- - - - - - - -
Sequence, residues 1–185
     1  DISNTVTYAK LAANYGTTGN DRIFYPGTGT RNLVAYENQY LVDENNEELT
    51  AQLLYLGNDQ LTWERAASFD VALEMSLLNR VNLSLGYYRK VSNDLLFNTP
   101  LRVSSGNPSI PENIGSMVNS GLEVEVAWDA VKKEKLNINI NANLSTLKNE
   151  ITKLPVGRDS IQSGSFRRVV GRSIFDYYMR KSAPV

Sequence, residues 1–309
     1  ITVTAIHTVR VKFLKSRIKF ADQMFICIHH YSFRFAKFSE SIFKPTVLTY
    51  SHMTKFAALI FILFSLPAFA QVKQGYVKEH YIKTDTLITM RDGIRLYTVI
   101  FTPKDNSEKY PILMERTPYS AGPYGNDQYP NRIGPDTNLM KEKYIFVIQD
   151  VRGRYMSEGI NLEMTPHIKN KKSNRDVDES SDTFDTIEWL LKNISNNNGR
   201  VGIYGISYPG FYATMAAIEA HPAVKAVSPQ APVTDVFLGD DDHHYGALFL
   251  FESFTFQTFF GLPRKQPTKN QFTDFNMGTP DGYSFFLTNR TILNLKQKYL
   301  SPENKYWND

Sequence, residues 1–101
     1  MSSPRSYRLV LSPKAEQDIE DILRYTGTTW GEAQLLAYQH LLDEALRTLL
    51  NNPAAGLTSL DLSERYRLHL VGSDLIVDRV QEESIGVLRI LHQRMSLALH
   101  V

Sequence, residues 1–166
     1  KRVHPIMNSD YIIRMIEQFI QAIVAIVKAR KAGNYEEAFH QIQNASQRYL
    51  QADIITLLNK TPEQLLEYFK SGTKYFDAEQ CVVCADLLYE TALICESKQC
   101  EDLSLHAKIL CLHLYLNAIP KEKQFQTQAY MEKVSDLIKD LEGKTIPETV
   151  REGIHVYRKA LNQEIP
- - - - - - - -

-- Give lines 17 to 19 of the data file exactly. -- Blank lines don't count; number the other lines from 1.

   101  V

Sequence, residues 1–166
     1  KRVHPIMNSD YIIRMIEQFI QAIVAIVKAR KAGNYEEAFH QIQNASQRYL